Which character – as performed by Joe Ochman – was your favorite?

Roosevelt. I am a big fan of Teddy Roosevelt. This book gives a nuanced and mufti-dimensional view of a person who was flawed like all of us. Must read for Roosevelt fans and historians. This is not a critical book, it lays out the history based on meticulous research. Teddy met the Tammany Hall machine and couldn't get leverage, which was not entirely his fault. His policies however would lead to a stronger party machine that still lingers today.

Was there a moment in the book that particularly moved you?

I didn't realize how much his brothers death affected his politics. Very sad story, that in a modern era might have ended differently for both men.

Any additional comments?

I enjoy history books that tell the story of the lives of the common citizen. The life of NYers in the late 1800's was difficult, and its not hard to imagine that this period ultimately made the NY we know today. Fascinating book.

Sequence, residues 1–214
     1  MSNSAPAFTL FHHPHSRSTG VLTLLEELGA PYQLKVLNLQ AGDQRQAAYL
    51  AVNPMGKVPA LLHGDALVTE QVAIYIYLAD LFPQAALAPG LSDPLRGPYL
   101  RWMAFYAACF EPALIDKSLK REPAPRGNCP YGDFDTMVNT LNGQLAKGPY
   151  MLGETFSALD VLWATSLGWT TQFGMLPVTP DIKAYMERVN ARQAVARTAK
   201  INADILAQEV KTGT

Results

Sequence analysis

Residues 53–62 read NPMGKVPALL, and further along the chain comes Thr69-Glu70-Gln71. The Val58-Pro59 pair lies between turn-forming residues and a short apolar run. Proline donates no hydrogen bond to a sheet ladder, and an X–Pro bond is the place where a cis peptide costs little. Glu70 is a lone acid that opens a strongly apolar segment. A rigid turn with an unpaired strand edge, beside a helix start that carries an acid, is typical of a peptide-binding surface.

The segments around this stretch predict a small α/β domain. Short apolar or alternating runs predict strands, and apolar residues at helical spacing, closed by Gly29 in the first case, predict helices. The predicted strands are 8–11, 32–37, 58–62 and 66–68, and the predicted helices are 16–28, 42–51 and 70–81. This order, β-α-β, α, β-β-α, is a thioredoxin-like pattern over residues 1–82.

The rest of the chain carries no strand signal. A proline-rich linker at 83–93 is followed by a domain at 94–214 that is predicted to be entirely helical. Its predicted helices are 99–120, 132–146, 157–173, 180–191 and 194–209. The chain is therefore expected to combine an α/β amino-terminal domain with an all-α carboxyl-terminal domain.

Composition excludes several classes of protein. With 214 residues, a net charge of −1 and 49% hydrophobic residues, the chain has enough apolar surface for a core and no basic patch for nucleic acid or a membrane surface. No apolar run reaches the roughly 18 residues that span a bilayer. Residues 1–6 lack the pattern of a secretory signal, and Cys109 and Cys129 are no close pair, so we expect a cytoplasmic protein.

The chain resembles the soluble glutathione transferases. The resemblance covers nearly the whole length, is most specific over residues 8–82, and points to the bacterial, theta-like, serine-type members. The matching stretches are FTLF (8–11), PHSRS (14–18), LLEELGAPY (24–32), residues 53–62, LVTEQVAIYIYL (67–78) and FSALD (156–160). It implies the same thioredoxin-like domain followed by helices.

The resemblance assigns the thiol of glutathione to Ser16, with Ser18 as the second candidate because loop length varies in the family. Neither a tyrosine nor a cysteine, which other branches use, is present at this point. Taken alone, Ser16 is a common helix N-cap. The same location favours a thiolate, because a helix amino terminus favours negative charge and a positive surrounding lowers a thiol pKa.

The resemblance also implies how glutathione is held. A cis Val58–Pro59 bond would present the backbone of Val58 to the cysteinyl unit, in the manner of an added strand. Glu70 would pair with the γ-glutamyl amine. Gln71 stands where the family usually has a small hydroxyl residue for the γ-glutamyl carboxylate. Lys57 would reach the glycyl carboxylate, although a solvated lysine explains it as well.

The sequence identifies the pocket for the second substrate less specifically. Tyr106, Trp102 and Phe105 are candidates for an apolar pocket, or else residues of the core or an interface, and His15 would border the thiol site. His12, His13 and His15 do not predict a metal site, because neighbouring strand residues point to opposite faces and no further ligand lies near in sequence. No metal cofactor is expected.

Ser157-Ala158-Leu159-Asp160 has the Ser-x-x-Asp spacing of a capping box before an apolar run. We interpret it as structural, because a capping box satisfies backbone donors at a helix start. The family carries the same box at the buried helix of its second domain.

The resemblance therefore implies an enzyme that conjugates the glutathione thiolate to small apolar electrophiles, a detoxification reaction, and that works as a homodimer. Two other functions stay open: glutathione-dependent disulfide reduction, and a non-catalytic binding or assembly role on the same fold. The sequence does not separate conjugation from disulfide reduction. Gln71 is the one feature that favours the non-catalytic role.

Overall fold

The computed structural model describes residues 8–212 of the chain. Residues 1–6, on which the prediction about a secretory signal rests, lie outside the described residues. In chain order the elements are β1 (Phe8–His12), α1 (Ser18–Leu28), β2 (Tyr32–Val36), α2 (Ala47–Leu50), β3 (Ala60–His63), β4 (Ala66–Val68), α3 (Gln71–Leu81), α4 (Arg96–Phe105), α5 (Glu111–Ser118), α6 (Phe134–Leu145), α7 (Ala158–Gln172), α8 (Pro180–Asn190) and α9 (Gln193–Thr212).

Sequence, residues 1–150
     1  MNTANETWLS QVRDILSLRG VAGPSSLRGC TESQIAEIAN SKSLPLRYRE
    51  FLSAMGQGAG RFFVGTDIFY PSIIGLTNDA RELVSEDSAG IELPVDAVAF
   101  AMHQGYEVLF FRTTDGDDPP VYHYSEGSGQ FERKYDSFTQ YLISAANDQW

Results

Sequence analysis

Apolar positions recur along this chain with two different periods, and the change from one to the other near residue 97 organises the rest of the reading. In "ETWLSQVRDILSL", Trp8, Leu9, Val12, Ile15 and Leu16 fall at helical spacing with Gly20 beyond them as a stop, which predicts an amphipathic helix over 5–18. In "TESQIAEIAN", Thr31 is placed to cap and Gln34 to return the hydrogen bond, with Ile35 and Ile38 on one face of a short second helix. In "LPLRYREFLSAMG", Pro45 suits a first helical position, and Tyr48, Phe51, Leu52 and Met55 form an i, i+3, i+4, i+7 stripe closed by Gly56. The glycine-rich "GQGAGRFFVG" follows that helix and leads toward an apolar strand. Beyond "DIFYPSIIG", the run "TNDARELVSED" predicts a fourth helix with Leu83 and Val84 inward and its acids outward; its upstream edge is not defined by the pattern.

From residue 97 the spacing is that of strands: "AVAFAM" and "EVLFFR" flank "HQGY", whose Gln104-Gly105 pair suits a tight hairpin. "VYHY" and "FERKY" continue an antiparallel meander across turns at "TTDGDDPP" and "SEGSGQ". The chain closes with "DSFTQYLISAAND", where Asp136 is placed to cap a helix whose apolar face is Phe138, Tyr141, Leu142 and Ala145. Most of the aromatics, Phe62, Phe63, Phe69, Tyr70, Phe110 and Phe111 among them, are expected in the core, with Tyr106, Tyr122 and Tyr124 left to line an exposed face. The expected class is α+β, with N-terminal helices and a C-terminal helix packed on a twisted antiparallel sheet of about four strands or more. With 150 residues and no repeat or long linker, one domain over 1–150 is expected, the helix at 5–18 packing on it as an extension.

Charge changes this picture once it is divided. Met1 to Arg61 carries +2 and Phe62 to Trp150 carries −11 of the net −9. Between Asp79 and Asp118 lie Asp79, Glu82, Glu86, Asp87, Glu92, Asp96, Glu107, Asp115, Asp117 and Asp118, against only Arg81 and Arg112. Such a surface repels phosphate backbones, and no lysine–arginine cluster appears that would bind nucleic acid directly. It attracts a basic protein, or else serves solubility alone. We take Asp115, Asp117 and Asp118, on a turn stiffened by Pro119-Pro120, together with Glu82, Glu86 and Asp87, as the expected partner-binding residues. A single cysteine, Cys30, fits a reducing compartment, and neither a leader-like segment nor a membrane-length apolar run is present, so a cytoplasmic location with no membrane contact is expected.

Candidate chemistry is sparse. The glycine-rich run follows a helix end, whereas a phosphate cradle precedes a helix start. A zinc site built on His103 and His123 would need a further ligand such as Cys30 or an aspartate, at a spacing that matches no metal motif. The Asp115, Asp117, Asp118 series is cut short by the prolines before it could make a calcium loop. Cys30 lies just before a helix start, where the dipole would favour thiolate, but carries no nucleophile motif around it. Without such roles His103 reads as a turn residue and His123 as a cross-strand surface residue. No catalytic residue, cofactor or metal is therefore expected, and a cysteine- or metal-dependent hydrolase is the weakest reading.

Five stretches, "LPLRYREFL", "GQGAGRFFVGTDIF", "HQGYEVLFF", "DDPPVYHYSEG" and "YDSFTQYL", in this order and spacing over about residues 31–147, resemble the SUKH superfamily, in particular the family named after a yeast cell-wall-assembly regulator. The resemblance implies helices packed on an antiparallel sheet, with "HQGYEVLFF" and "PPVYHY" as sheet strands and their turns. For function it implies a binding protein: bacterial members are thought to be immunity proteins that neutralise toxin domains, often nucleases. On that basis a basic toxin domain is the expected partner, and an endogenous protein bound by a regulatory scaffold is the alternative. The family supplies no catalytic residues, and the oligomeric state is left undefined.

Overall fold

• Overall
  • Performance
  • Story

Thought it would be better than it was.

I've always been fascinated with the life of T.R. But this book, although deep in facts, is a little boring. Not the author's fault. It's just a very boring period in the life of Teddy.
He comes off sounding more like Rudolph Guilliani in his pre-9-11 years, then he does when he took on the big corporations and the Anti-trust battles at the turn of the century.
Overall, kind of blah.

0 of 1 people found this review helpful

  • Overall
  • Performance
  • Story
  • NICHOLAS
  • milford, MA, United States
  • 03-30-12

tough to follow

This book wasn’t for you, but who do you think might enjoy it more?

It read like a history book that was poorly written.

Has Island of Vice turned you off from other books in this genre?

Somewhat

What didn’t you like about Joe Ochman’s performance?

Voice wasn't bad but no inflection

You didn’t love this book... but did it have any redeeming qualities?

no didn't get through it

2 of 8 people found this review helpful

  • Overall
  • Performance
  • Story
  • Pete
  • Spokane, WA, United States
  • 07-11-13

Not very intersting. Book kind of drags on and on

Any additional comments?

Not very intersting. Book kind of drags on and on. I would not recommend this book.

0 of 2 people found this review helpful